Large-scale climate variation modifies the winter grouping behavior of endangered Indiana bats

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Power laws describe the functional relationship between 2 quantities, such as the frequency of a group as the multiplicative power of group size. We examined whether the annual size of well-surveyed wintering populations of endangered Indiana bats (Myotis sodalis) followed a power law, and then leveraged this relationship to predict whether the aggregation of Indiana bats in winter was influenced by global climate processes. We determined that Indiana bat wintering populations were distributed according to a power law (mean scaling coefficient α = -0.44 95% confidence interval 95% CI = -0.61, -0.28). The antilog of these annual scaling coefficients ranged between 0.67 and 0.81, coincident with the three-fourths power found in many other biological phenomena. We associated temporal patterns in the annual (1983-2011) scaling coefficient with the North Atlantic Oscillation (NAO) index in August (βNAOAugust = -0.017 90% CI = -0.032, -0.002), when Indiana bats are deciding when and where to hibernate. After accounting for the strong effect of philopatry to habitual wintering locations, Indiana bats aggregated in larger wintering populations during periods of severe winter and in smaller populations in milder winters. The association with August values of the NAO indicates that bats anticipate future winter weather conditions when deciding where to roost, a heretofore unrecognized role for prehibernation swarming behavior. Future research is needed to understand whether the three-fourths-scaling patterns we observed are related to scaling in metabolism. © 2014 American Society of Mammalogists.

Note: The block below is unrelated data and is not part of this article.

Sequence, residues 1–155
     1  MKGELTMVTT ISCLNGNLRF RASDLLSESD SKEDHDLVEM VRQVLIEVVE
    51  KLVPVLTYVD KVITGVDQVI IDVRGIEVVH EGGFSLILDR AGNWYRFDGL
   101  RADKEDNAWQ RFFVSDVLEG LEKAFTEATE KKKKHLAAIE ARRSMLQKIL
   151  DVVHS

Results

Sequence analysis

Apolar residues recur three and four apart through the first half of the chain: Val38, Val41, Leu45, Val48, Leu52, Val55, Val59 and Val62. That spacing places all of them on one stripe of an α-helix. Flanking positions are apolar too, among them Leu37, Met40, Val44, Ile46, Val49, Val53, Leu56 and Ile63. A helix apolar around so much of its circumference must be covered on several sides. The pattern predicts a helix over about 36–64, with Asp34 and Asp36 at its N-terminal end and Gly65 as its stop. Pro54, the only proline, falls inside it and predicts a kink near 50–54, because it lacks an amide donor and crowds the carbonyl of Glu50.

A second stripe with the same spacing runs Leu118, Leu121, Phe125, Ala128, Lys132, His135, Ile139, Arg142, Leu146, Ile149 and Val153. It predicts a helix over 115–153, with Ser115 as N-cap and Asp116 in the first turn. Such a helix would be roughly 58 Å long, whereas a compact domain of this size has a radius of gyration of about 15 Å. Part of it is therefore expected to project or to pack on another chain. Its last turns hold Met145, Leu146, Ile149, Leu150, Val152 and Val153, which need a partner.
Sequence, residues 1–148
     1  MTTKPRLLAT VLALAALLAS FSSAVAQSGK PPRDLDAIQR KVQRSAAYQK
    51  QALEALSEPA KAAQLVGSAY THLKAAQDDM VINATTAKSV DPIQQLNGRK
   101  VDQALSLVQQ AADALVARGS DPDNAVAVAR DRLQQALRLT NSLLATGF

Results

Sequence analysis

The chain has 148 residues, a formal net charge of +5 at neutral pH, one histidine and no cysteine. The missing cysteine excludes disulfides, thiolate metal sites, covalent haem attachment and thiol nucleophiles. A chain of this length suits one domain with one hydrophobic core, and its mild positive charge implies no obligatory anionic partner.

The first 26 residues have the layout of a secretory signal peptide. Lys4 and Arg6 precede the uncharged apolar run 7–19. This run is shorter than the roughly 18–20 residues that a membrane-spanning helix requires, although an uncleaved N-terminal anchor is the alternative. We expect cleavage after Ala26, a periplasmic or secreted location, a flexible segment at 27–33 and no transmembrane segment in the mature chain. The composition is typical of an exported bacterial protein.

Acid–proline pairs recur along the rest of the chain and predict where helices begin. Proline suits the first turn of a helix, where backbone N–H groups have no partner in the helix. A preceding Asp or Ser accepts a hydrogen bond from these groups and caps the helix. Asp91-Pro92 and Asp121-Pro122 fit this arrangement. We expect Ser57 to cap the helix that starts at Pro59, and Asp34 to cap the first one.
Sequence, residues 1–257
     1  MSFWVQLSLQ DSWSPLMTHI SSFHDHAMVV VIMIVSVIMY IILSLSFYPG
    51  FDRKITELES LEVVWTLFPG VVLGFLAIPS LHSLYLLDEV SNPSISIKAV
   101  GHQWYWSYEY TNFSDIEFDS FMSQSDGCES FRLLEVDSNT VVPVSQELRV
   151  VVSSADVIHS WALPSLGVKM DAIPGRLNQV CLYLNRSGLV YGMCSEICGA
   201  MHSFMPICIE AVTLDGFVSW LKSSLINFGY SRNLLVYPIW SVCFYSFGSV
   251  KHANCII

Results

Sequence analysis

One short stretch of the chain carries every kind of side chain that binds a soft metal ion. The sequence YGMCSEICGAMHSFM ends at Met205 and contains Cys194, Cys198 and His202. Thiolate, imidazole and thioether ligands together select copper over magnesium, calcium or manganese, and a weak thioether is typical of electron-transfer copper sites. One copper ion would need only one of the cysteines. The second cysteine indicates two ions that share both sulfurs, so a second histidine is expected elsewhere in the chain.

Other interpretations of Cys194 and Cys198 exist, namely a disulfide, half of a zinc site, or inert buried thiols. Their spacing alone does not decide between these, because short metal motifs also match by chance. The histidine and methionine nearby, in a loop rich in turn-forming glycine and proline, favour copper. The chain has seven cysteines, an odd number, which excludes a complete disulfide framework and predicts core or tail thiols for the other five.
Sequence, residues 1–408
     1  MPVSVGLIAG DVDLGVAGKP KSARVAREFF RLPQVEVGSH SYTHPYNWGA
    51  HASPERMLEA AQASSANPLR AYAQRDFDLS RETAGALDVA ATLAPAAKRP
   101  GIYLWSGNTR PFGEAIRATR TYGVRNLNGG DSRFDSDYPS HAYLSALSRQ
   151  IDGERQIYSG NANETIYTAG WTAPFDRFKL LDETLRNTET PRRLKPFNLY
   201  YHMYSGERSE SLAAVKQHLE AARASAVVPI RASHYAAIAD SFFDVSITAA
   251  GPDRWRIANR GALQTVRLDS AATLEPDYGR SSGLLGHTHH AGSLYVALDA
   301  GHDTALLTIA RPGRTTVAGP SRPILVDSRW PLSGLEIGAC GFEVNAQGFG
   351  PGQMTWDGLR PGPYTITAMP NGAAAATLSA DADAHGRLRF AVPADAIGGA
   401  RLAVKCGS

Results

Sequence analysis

Thogmartin, W. E., & McKann, P. C. (2014). Large-scale climate variation modifies the winter grouping behavior of endangered Indiana bats. Journal of Mammalogy, 95(1), 117–127.

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